Posted on 2012-03-13
My friend and I are discussing a question on permutations.
A grid of 49 letters, numbers and symbols is shown. A random character is taken from the grid. This is done six times. The idea is for this to randomly generate a password. What are the total number of passwords that could be generated?
My thought is that there is a 1/49 chance of any character being chosen, therefore the total number of passwords is 49^6.
My friend says that because this is a permutations question, the formula for permutations makes it (49!)/(49-6)!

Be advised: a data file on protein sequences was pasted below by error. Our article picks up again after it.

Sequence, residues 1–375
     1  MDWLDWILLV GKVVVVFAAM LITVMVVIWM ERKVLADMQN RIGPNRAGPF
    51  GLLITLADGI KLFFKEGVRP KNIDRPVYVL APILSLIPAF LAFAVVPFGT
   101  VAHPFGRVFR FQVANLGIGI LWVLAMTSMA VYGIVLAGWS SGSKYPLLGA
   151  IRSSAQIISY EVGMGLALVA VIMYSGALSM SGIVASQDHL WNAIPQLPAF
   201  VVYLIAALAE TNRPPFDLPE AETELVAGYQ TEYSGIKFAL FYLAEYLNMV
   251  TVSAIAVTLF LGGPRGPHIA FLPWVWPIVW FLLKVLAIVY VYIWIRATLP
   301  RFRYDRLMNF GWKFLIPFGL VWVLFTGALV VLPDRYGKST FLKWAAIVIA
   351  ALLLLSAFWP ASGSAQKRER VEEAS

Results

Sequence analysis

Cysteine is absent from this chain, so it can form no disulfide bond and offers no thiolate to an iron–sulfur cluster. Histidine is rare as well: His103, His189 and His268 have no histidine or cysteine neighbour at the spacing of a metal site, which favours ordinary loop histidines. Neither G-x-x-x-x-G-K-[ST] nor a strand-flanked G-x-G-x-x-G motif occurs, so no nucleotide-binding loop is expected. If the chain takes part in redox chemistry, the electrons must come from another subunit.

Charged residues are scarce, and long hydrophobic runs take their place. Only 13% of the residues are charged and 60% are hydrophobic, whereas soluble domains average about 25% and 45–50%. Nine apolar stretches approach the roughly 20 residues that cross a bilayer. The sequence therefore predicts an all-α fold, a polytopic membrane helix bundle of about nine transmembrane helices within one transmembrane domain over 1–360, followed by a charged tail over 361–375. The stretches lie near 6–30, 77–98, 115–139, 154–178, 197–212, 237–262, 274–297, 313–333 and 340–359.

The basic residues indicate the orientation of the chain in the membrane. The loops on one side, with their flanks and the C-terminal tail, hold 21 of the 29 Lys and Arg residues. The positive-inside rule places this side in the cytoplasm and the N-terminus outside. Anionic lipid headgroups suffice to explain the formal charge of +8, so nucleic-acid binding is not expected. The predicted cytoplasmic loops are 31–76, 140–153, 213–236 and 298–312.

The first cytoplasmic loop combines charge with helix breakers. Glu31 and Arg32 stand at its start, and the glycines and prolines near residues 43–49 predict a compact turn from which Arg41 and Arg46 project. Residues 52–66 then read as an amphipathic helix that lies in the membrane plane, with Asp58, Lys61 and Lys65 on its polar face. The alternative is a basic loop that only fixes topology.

However I'm pretty sure this is when you have the "balls in a sack" type question, and each time you take a ball out of the sack you don't return it, so it doesn't apply in this case as a valid password could be "111111" (i.e. the same character repeated each time).
Our problem is that the question is assigned 10 points, and that so far we can't find any similar examples in the course material of how they want the question answered. My friend points out that you don't get a 10 point question whose answer is 49^6.
So I'd appreciate some feedback - who is right in solving the problem? Any suggestions what working to include in order to get all 10 of those points??